ANZ staff outraged at boss's expenses, says union

Former ANZ chief executive David Hisco. - Photo: Photosport

ANZ staff are said to be outraged by their chief executive's luxury lifestyle while they've struggled for a pay rise.

ANZ New Zealand chief executive David Hisco has left the bank after after a review, which found he had been been passing off personal expenses as business ones.

ANZ New Zealand chairman Sir John Key said it related to tens of thousands of dollars during Mr Hisco's nine years in the job for chauffeur-driven cars and the cost of storing his wine collection in Australia.

The former chief executive insisted he had a verbal agreement to do this and Sir John said he took him at his word.

But he said the problem for Mr Hisco and the bank was that he didn't accurately record the expenses.

"There was either no transparency, they were bulked up, or they were characterised as business when they were clearly of a private nature," Sir John said.

First Union general secretary Dennis Maga said Mr Hisco's actions were especially galling when members worried about staffing levels and pay were told the bank was trying to cut costs.

"Some of our members were really outraged because of that lavish lifestyle that he had," said Mr Maga. "I think that actually warrants his dismissal."

He said tellers were paid $40,000-70,000 on average, compared with Mr Hisco who was being paid $3.8 million and would get a final payout of $2m.

"That is an unfair treatment... where a CEO is receiving a special treatment from the company compared to an employee of the bank who can be disciplined or can be dismissed if ever they committed the same mistake."

Consumer NZ head of research Jessica Wilson said the bank's customers were likely to take a dim view of the expenses, given they were the ones ultimately paying for them.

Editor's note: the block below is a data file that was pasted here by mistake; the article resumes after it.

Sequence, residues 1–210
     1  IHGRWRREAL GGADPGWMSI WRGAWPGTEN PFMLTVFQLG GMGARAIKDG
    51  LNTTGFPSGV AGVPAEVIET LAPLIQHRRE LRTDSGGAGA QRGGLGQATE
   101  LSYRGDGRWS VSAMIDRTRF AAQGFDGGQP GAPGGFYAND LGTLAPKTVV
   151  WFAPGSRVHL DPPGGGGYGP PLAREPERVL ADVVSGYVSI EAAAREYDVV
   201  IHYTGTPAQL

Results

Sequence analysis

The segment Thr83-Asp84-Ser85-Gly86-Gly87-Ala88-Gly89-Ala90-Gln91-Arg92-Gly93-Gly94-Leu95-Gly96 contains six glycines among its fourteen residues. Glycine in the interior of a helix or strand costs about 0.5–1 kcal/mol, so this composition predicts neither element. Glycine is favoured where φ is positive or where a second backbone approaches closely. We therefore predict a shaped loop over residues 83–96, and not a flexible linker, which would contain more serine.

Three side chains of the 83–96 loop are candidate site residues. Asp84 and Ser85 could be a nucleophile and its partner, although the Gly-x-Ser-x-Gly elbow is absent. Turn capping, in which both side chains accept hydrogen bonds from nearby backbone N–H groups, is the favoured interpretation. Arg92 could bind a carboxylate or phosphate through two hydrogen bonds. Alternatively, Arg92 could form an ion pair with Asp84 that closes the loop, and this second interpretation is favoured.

"It indicates there was some sort of culture of excess going on, that a chief executive thought that this is what he should be entitled to as well as a very generous salary - that other expenses such as this should be covered as well."

Ms Wilson said consumers were rightly asking questions about the banking industry's bumper profits, why charges were so high and, now, whether that was going into banking products, or luxury pastimes.

This would do little for their trust in banks, for which ANZ ranks among the worst, she said.

"Banks have been keen to reassure consumers that they've got our best interests at heart, that they're responsible, and there's no need for any stronger regulation. But when you see stories like this come out it really does call into question those assurances."

Institute of Directors general manager of the governance leadership centre Felicity Caird said organisations must have clear rules for reasonable expenses, rather than what Sir John described as an oral agreement between Mr Hisco and a former chief executive.

"Personal expenses are personal expenses and should be paid for personally, and business expenses are business expenses. So if somebody were to characterise a known personal expense as a business expense, that would be inappropriate," Ms Caird said.

It was up to the board to make sure the chief executive's expenses were closely and regularly scrutinised, Ms Caird said, and ANZ did the right thing launching a review three months ago.